Individuals with memory and thinking problems who also have a history of concussions may be at a higher risk of developing Alzheimer's disease later in life, according to a new study from the Mayo Clinic.
The study, published Thursday online in the journal Neurology, suggests a history of brain trauma could be related to Alzheimer's-related plaque buildups in the brain. Researchers studied 448 individuals with no signs of memory or thinking problems, and 141 who had reported memory and thinking problems. All participants were over the age of 70 and were asked if they had ever experienced a brain trauma that resulted in a loss of consciousness.
"Interestingly, in people with a history of concussion, a difference in the amount of brain plaques was found only in those with memory and thinking problems, not in those who were cognitively normal," study author Michelle Mielke said in a statement.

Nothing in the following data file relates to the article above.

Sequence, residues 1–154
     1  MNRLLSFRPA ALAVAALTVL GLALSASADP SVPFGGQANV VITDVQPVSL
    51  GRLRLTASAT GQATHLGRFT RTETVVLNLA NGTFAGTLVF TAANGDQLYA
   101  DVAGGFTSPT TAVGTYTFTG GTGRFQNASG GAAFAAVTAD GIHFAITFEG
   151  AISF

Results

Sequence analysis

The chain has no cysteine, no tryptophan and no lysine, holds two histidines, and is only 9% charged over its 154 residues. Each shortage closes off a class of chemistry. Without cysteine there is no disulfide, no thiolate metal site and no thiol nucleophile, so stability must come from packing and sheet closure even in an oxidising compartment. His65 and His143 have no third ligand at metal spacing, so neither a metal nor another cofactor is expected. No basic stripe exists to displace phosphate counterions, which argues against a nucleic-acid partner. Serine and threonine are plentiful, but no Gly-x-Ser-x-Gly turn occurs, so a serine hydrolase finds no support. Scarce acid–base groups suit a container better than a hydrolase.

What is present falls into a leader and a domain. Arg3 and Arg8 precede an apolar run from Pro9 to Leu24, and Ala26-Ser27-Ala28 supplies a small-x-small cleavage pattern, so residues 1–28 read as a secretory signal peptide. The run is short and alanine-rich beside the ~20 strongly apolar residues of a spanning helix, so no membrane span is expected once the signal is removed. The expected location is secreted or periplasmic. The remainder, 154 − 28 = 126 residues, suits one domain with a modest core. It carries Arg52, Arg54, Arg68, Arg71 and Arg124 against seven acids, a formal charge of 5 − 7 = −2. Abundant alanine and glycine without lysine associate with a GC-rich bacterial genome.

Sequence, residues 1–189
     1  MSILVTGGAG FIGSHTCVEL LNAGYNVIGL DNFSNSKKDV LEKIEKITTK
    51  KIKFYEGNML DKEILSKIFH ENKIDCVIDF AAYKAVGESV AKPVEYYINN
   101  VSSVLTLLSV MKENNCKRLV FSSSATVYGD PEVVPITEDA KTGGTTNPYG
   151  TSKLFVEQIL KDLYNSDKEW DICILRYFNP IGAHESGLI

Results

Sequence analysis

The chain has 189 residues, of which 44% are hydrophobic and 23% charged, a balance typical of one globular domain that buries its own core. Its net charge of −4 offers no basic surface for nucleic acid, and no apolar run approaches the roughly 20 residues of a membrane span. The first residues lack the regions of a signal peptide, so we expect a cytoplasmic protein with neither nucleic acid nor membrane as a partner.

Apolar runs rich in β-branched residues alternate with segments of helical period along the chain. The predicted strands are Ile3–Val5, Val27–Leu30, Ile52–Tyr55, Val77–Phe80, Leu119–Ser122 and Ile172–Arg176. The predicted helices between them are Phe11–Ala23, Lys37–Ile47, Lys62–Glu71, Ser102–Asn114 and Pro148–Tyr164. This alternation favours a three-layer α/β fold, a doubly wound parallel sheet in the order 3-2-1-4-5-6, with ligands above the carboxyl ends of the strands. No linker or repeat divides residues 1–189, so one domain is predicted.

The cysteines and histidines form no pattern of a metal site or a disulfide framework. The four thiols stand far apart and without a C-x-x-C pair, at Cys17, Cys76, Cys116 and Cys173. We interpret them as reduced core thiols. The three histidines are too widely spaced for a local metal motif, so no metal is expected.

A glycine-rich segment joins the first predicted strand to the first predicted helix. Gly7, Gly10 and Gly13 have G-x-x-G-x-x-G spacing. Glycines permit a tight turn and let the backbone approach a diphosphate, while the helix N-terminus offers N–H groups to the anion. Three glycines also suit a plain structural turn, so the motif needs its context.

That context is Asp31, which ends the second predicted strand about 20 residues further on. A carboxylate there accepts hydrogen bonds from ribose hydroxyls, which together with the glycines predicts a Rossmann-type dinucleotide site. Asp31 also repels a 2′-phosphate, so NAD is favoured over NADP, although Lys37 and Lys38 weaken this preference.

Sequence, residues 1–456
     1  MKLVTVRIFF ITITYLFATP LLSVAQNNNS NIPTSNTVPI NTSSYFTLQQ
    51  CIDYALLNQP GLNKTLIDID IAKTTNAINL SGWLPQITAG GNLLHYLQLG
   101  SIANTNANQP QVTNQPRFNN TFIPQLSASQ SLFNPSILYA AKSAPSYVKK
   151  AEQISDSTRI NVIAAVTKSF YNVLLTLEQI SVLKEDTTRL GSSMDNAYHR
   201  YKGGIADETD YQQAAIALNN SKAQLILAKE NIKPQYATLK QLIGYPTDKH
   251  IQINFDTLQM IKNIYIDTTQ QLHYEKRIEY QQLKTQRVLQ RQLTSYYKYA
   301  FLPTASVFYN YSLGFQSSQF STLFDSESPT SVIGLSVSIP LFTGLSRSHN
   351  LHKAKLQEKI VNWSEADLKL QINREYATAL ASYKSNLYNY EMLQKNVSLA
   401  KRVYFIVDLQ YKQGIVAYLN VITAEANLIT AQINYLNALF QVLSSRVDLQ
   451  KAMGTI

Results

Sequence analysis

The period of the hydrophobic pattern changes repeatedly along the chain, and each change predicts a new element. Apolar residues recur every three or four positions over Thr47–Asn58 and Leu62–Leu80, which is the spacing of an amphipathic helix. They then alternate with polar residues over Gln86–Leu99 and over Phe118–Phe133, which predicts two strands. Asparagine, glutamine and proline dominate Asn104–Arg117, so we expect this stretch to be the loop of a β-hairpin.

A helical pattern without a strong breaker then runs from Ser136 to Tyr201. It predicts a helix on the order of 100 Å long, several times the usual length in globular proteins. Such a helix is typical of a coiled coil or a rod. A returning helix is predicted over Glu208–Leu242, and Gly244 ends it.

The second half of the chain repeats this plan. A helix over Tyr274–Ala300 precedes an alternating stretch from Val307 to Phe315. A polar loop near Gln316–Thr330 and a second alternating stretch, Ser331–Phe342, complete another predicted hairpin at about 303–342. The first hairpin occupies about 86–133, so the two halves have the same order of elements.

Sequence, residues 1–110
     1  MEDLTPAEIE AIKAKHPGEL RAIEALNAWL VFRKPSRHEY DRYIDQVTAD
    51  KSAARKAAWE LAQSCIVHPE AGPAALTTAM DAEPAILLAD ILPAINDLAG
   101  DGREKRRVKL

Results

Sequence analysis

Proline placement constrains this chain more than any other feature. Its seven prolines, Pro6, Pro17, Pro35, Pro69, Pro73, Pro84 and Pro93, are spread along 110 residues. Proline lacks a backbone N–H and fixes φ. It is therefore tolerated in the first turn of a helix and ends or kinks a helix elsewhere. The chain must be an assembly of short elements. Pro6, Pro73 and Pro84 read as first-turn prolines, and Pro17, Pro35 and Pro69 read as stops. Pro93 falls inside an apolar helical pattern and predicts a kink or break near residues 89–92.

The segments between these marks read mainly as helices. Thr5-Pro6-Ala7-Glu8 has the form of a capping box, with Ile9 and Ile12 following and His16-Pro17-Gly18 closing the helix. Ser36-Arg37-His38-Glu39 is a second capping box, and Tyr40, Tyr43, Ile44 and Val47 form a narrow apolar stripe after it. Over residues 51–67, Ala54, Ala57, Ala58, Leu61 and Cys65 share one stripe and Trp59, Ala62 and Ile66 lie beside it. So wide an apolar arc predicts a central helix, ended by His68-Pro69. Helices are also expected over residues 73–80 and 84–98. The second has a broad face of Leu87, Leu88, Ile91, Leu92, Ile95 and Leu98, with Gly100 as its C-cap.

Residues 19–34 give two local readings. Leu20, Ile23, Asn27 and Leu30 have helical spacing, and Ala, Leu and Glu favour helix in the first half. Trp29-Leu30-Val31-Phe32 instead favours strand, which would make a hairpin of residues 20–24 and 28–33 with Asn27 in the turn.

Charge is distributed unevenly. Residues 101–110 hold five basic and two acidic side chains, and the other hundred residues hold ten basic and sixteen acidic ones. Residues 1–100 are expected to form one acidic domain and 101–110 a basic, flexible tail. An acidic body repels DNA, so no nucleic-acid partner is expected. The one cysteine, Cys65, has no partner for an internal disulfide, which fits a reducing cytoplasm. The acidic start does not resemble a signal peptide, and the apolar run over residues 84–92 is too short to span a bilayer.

There is no cure for Alzheimer's and the memory loss becomes more severe with time. According to the Alzheimer's Association, more than 5 million Americans are living with the disease, which is the sixth leading cause of death in the country. The disease is the most common type of dementia, and accounts for about 50 to 80 percent of all dementia cases.
Brain plaques -- deposits of the protein fragment beta-amyloid -- and twisted fibers known as tangles are responsible for damaging and killing nerve cells in the brain, which causes memory loss. People with Alzheimer's disease tend to develop far more brain plaques than older adults normally do, according to the Alzheimer's Association.
In the Mayo Clinic study, 17 percent of the people with no memory problems said they had experienced a head trauma, while 18 percent of those with memory problems said they had experienced a concussion or other head trauma. The researchers found those elderly adults with both thinking and memory problems and a history of head injury had plaque buildups an average of 18 percent higher than those without a head trauma history.
"Our results add merit to the idea that concussion and Alzheimer's disease brain pathology may be related," Mielke said. "However, the fact that we did not find a relationship in those without memory and thinking problems suggests that any association between head trauma and amyloid is complex."